Write-Output "Listing Computer Services" Get-Service
Every PowerShell script should end with a
Using the Console
Once you have a script ready, there are a few different ways you can execute a PowerShell script file. One of the most common ways is via the PowerShell console.
To do so:
- Open the PowerShell console as shown above.
2. Navigate to the file system location your script is located using the
Set-Location PowerShell cmdlet or the
cd alias. This tutorial’s script is found in the C:\Temp directory.
PS> cd C:\Temp\
3. Run the script using a dot (
.) notation. PowerShell is a shell that also looks for command names. To differentiate between a PowerShell command and a script, you must preface the script with a dot. This dot represents the current directory.
Running a PowerShell Script from the Command Line
If you can’t or would rather not run scripts via the PowerShell console, you can also do so with the good ol’ command line (command prompt).
To run scripts via the command prompt, you must first start up the engine (powershell.exe) and then pass the script path as a parameter to it.
You can run scripts with parameters in any context by simply specifying them while running the PowerShell executable like
powershell.exe -Parameter 'Foo' -Parameter2 'Bar'.
Once you open cmd.exe, you can execute a PowerShell script like below. This example is running the engine and passing it the script path of C:\Temp\GetServices.ps1.
Notice below that the example below is using the full path to run the script. You’ll have to do this if the folder isn’t in your PATH somewhere.
CMD> C:\Program Files\WindowsPowerShell\powershell.exe "C:\Temp\GetServices.ps1"
Below is a handy YouTube video that covers executing a script via a batch file which the cmd.exe executes.
Using the PowerShell ISE
If you create your own scripts or edit others’, you’ll probably be using a script editor like the PowerShell ISE or maybe Visual Studio (VS) Code. Since the ISE comes with Windows, let’s focus on that method for this tutorial.
To invoke a script via the ISE:
- Navigate to Start Menu, search for PowerShell ISE and open it.
2. Click on File → Open and find your script.
3. With the script open, click on the green run button to execute the script. This button will invoke the script in the built-in PowerShell terminal at the bottom.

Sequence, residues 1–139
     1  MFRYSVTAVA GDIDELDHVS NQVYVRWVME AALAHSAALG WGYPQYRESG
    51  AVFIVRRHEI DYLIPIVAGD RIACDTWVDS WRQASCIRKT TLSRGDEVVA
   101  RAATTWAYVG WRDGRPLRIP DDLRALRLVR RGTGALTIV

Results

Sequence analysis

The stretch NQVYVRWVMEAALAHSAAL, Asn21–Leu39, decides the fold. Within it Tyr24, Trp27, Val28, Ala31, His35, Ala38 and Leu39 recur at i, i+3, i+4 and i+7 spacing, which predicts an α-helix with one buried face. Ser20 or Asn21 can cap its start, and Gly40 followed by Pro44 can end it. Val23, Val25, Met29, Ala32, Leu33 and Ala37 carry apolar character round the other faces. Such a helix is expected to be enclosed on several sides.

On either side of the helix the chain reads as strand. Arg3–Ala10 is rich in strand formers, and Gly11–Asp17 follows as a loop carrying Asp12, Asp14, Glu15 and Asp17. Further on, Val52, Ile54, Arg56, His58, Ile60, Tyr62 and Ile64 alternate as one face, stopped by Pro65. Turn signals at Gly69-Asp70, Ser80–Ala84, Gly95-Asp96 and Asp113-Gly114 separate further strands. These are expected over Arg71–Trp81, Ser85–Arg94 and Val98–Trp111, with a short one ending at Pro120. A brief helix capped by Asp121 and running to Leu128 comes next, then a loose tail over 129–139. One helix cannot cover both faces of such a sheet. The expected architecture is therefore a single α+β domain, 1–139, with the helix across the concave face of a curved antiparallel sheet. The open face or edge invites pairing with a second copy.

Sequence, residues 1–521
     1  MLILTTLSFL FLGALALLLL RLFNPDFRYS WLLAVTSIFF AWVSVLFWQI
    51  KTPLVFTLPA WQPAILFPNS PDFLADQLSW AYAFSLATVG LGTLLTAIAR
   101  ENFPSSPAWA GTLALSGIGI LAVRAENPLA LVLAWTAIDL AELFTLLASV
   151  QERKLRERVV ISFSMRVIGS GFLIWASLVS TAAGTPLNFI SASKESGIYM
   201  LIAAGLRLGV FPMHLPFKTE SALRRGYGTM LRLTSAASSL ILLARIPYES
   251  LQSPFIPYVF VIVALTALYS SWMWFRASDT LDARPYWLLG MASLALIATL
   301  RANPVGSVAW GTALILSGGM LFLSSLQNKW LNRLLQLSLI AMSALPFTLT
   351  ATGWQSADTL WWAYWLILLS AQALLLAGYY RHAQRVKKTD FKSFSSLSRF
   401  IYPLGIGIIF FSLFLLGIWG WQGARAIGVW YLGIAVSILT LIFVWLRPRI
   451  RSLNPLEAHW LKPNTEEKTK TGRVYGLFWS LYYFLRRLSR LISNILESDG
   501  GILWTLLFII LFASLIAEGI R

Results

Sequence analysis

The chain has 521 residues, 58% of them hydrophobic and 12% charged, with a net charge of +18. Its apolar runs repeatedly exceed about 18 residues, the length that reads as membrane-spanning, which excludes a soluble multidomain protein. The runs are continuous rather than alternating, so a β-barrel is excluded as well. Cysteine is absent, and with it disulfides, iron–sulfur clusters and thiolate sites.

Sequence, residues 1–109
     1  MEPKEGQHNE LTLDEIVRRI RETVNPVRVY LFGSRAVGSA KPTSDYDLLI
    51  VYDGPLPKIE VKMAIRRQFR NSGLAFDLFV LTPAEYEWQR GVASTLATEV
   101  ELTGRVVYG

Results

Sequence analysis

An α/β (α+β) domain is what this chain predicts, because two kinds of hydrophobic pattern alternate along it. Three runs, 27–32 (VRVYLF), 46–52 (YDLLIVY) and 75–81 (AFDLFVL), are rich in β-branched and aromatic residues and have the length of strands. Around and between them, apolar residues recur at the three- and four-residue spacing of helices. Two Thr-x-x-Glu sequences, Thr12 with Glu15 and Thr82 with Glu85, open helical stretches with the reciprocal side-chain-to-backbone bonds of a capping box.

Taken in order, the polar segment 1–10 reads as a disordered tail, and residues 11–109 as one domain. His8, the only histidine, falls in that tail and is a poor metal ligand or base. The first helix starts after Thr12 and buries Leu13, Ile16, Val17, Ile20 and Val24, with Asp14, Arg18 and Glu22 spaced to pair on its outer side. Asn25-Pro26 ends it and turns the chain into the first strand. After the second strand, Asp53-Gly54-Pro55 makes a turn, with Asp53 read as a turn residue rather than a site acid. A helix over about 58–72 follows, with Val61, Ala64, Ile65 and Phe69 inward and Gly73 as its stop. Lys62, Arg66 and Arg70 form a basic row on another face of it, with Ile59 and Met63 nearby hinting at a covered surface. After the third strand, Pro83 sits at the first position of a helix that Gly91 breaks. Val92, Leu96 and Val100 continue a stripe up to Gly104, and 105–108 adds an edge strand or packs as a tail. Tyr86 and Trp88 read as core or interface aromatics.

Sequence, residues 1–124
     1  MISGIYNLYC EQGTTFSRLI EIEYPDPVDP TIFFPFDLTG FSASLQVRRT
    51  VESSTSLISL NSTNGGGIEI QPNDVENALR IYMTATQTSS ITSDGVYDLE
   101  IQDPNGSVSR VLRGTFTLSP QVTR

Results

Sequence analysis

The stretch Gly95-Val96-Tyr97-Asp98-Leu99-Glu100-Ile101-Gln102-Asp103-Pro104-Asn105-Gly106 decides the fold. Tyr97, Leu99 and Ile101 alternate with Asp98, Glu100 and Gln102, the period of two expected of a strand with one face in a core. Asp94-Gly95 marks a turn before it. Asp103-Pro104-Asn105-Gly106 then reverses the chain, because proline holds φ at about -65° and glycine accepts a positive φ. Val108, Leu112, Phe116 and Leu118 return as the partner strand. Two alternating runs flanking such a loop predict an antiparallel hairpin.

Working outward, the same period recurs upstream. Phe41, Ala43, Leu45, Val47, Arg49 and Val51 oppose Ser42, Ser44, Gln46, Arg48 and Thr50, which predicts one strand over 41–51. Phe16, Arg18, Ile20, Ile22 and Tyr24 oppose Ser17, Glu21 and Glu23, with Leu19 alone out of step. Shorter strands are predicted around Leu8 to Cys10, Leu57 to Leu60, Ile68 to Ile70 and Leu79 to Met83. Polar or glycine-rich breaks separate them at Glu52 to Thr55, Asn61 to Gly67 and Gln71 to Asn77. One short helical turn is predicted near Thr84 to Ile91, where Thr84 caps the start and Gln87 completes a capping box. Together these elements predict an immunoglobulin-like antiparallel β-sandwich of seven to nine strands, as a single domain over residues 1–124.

The Sample Script’s Output
A PowerShell script can sometimes return output. This happens when the script you’re executing is built to return objects which is a fundamental component of PowerShell.
If you run the sample GetServices.ps1 script, you will see the following. This script runs the
Get-Service cmdlet which returns all of the services installed on your local Windows computer.
PS> .\GetScripts.ps1 Listing Computer Services Status Name DisplayName ------ ---- ----------- Running aakore Acronis Agent Core Service Stopped AarSvc_1b668d Agent Activation Runtime_1b668d Running AcronisActivePr... Acronis Active Protection Service Running AcronisCyberPro... Acronis Cyber Protection Service Running AcrSch2Svc Acronis Scheduler2 Service Running AdobeARMservice Adobe Acrobat Update Service Running AdobeUpdateService AdobeUpdateService Running AGMService Adobe Genuine Monitor Service Running AGSService Adobe Genuine Software Integrity Se... ----Truncated----
Running a PowerShell Script from Within a Script
Let’s say you have two scripts and you’d like one to call the other. Perhaps you have a script called GetUser.ps1 and one called ResetPassword.ps1. Inside of the GetUser.ps1 script, you’d like to execute the ResetPassword.ps1 to reset a user password.
Inside of the calling script (GetUser.ps1), you’d add a line to execute the other script just like you would call the script from the command line.
You can see below you have a couple of options. You should typically choose to run the other script within the same session or scope to simplify things unless you have a specific reason to run the script in another PowerShell session.
## To run the other script in a new session powershell.exe .\ResetPassword.ps1 ## To run the other script in the same session .\ResetPassword.ps1
More from Adam The Automator & Friends